judg’men’tal (adjective) – tending to judge or criticize the conduct of other people.
big’ot (noun) somebody who has very strong opinions, especially on matters of politics, religion or ethnicity, and refuses to accept different views.
There have been only a few occasions in my life where I personally witnessed prejudice to the point that I was literally taken aback. I’m not sure if that is a reflection on the sheltered life I have been afforded or if it is indicative of a callousness to what most likely happens everyday around me but which I am conveniently oblivious. I claim being unaware of bigotry around me as convenient because when you open your eyes to it, when you see it in its naked unabashed vulgarity it is diminishing to the integrity of our humanity. It gives me a sense that I am dirty by association and it disgusts me that I don’t have better tools to combat it, to shake sense into the small minded, insecure and pathetic nature of it all.
Perhaps the most alarming thing about the two incidents that I witnessed Tuesday was my utter sense of ineffectiveness in convincing either perpetrator that their thinking was completely unacceptable. The sense of helplessness this failure evoked in me was one of defeat and rage until I realized that the myopic lack of character I witnessed is most assuredly the exception rather than the rule in this day and age. At least I pray to God that is the case.
Both incidents were brought on as a result of my support for Barack Obama as a candidate for President of these “United” States. I have to wonder if those closest to the campaign are learning as I learned Tuesday that we most likely will see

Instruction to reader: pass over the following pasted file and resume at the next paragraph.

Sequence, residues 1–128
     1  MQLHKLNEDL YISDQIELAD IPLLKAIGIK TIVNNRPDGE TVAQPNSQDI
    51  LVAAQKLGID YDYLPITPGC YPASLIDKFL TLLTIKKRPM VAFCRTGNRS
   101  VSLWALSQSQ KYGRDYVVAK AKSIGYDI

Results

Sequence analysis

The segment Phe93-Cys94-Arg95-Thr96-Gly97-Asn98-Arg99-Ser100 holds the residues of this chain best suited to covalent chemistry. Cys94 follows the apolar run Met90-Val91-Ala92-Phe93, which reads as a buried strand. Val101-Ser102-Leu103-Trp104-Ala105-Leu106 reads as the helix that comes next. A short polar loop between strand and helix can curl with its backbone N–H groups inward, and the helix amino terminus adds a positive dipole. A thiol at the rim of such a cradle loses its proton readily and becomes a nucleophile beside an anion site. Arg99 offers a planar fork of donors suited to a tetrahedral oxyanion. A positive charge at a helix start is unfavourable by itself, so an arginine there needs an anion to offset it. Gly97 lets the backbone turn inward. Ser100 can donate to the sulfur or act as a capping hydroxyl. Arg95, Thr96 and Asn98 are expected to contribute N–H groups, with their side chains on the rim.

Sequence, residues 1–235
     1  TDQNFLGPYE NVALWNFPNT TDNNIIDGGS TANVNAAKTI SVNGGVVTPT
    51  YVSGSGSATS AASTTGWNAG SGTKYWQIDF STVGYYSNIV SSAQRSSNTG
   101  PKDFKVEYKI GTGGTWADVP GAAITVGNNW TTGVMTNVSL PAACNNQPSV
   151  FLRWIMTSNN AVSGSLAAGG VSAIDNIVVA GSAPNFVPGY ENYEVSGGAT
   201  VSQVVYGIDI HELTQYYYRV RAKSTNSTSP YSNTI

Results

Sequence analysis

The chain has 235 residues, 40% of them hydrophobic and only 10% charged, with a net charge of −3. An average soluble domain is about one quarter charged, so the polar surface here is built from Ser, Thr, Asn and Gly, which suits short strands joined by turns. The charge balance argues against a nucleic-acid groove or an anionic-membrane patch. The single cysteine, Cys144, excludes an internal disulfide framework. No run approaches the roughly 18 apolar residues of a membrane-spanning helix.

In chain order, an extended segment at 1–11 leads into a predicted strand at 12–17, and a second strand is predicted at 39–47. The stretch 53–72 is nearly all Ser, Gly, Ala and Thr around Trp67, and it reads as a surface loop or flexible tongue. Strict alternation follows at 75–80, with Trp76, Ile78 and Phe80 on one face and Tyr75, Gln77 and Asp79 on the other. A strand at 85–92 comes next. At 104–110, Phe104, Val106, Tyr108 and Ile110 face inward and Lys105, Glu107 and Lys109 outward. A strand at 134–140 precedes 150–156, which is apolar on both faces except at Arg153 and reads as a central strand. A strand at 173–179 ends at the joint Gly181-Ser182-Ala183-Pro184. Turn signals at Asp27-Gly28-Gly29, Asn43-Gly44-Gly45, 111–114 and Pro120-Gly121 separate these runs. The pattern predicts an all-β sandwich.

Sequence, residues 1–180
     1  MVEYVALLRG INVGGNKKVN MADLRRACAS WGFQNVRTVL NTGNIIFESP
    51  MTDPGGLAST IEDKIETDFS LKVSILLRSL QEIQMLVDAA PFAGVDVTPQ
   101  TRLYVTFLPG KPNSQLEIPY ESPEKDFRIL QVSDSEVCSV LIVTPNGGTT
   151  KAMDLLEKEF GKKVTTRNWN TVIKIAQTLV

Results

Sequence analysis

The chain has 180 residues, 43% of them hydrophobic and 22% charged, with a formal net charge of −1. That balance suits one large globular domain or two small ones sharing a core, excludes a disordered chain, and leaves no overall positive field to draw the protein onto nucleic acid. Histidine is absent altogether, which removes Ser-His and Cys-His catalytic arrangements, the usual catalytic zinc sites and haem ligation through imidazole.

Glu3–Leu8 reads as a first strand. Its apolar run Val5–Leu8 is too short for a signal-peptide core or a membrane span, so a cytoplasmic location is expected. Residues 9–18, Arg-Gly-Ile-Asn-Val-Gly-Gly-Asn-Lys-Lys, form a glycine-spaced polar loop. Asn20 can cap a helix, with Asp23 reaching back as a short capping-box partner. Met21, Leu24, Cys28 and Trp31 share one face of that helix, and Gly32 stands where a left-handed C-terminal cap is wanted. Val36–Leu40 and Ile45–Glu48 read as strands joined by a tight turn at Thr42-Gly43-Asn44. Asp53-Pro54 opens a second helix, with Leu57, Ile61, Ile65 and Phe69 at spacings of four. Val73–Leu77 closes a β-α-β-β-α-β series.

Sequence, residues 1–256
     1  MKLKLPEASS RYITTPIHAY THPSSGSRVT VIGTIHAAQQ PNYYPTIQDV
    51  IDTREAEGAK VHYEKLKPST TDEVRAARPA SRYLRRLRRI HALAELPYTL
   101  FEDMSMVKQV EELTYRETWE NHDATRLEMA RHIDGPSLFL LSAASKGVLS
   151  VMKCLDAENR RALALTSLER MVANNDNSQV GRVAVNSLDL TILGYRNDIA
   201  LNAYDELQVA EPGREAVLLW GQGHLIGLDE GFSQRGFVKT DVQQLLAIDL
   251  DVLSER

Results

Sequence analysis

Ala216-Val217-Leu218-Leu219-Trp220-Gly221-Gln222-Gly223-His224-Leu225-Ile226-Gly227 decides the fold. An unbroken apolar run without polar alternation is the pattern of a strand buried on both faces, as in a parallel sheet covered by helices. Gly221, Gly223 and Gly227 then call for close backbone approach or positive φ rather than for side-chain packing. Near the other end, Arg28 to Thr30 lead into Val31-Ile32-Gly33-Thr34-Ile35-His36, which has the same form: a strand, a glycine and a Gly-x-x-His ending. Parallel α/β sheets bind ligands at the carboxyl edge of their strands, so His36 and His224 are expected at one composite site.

Self described Christian men, with faces contorted by hatred and anger as they passed judgment on the sincerity of Obama’s religious conviction claimed he was unworthy and despicable because his father was a Muslim. It seems there are people out there that think Obama is a Christian of convenience for his political ambitions to which I wondered how that would make him different from many other politicians. I was asked in the typical neo-con fascist tactic, “Just answer me this one thing. Would you or would you not be willing to vote for a Muslim for president?” I thought it was a joke because the extreme right loves to try to press non-sensical questions when they think they can get you to say something they can hold up for scorn and retribution. I would vote for anybody that demonstrates leadership and shares the hopes I have for this country. I can admit I would not want a person who did not share my faith to be the pastor of the Christian church I attend but that is about the limit to my exclusion of any specific religious belief for any particular endeavor.All of this was just so stupid in my mind. What were we talking about? I would be willing to venture that neither of these judgmental bigots has ever met a Muslim. And where do they get off questioning the faith of another man anyway? Yet the reality of it all was that these men were actually unable to help themselves in their way of thinking. This world has a long way to go before we will ever see the peace that so many of us are longing for.
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